Friday, July 20, 2012

Voter Turn-out and David Nolte key to Melbourne By-election

As expected low voter turnout and performance of Liberal member David Nolte is the key to the Melbourne by-election to be held on Saturday July 21

A low participation rate will play into the hands of the Greens who are battling to win the inner City seat from the ALP. Up for grabs is 28% Liberal Party vote.

The Liberal party has not endorsed a candidate in this election. Liberal member and order city of Melbourne Councillor and local pharmacist David Note is vying for Liberal Party members vote. Competing against David Nolte is maverick and controversial serial candidate Stephen Mayne. Steven Mayne's votes a crucial to the Greens chances in winning the seat.

 If Mayne is able to survive the count and out-poll Nolte then Mayne will pick up Nolte's preferences. Mayne however has not reciprocated Nolte's support, Mayne's preferences will flow on to the Greens which could see them come tantalizing close to winning the seat. However if Nolte manages to man the booth and the voter turn-out remains high then the ALP stands a good chance to retain the seat with an expected win by 2% to 3%.  Mayne's recommended preferences will not hold with an expected drift of 33% to the ALP ahead of the Greens.

 he DLP is expected to collect preferences from other Christian groups and provided they can stay in front of the donkey vote they will be a contender for Mayne. The estimated percentage of Mayne's votes range from 4.5% to 9%.  Noltle would need to attract most of the Liberal Party support base and he is pitching to win 15% + overall.

When combined with the Anti Green vote and the Sex Party the ALP should be able to scape home the victor. The Donkey vote and inverse Donkey vote (where voters select their chosen party then preference from the top of the ballot down filling in the blanks) is expected to benefit Nolte and then flow on to the ALP.

Given the number of minor candidates running the Green Primary vote is expected to fall. In the end it will be a close election but the drift in Preferences will not favour the Greens. We should know the outcome of the election after the results of three booths are recorded. ( At about 8PM) this will indicate the strength of each party and the swing in preferences.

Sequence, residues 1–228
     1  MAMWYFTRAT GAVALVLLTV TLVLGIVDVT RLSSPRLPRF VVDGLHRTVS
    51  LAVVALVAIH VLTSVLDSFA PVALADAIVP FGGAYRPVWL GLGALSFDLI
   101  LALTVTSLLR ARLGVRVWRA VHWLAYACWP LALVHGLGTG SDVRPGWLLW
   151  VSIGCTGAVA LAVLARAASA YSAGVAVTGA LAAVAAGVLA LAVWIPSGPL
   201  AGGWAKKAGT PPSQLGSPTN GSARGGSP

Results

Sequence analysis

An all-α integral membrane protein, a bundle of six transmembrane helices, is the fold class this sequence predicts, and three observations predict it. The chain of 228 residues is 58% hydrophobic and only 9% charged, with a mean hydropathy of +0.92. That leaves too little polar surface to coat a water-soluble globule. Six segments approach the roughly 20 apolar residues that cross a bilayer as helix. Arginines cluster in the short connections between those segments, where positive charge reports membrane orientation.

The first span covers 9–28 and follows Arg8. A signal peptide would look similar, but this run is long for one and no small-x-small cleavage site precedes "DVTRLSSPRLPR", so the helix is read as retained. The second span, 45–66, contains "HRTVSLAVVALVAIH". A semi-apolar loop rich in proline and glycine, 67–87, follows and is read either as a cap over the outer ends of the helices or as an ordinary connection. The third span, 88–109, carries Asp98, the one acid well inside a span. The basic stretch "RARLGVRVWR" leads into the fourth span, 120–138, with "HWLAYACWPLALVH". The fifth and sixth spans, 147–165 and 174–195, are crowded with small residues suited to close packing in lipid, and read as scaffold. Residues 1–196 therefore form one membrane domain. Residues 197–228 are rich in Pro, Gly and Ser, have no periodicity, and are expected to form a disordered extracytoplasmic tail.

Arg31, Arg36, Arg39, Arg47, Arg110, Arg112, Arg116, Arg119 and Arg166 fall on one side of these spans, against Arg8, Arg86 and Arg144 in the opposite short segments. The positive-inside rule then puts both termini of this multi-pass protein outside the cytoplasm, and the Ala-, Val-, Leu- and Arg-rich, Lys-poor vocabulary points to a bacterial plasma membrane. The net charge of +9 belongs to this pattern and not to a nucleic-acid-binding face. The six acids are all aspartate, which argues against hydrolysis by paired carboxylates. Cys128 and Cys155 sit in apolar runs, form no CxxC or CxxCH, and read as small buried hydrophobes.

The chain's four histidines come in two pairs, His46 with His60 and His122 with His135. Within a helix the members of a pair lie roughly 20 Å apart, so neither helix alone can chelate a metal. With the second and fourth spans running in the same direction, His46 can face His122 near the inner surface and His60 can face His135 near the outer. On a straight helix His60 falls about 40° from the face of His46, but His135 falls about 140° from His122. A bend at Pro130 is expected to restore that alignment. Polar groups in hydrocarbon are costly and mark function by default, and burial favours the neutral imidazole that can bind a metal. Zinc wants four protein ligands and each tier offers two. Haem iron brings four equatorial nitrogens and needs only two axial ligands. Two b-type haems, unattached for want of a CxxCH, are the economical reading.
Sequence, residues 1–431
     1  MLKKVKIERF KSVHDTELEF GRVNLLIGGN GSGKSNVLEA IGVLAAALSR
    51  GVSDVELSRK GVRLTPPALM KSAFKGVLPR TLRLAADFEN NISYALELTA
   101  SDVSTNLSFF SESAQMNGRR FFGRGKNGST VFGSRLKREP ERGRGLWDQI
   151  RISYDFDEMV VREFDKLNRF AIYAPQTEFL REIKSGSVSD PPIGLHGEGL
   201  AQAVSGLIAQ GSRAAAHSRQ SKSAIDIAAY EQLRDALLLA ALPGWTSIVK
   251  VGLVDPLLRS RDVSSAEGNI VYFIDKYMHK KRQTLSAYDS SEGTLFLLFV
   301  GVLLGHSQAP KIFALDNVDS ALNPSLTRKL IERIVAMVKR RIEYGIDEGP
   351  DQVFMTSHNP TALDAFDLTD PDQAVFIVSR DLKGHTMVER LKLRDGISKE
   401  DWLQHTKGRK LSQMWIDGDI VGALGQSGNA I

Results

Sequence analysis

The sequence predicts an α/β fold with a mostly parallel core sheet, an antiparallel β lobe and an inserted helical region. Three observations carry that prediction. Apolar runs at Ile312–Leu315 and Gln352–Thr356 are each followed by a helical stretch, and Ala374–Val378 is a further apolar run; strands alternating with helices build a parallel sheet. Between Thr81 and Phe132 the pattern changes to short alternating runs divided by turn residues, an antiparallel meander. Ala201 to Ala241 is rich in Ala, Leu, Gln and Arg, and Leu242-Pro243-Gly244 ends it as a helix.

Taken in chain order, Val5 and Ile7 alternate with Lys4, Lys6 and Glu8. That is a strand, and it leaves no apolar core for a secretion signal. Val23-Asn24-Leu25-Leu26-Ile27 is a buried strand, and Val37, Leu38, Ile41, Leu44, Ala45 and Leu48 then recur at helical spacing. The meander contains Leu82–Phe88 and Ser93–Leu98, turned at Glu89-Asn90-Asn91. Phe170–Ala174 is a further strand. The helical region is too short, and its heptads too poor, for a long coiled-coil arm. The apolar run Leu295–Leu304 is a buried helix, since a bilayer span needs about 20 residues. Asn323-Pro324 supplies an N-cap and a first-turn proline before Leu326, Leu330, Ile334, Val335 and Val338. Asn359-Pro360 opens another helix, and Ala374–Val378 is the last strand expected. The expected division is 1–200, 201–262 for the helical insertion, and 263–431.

Whilst the election will be influenced by Party branding and national issues the end result will be played out on local issues. TAFE, health and public transport and planning being the main focus.

Those voters that are influenced by national issues are already determined and very few are swinging voters.

The Greens have come under a little more scrutiny since the 2010 election and cracks are beginning to appear in their brand image, which is tainted by local influences. North Carlton residents have had to endure Greens on the City of Yarra. High rates and poor quality local services are all negatives to the Greens bid to win the inner city state seat.

North Carlton will be a seat to watch. It is also te district that David Nolte is best known. The Greens will do well in Kensington but not as well in neighbouring Flemmington.

The electoral map of the Melbourne electorate will be redrawn as the demographic changes in the. Inner city begin to apply their influence.

Over the last two to three State elections there has been a noticeable shift in Liberal Votes up from 19% to 27% in 2010. It is for this reason that the Liberal party supporters will decide this by-election and much depends on who they will support in the absence of a Liberal Party endorsed candidate.

Voting is compulsory and those who do not vote will be subject to a fine.

It is for this reason that we expect the Donkey vote to be the highest in recent times. possible as high as 7%

Overall we believe that push come to shove the ALP should be returned. Voter's wishing to maximize representation in Melbourne should place the Greens and Mayne last.

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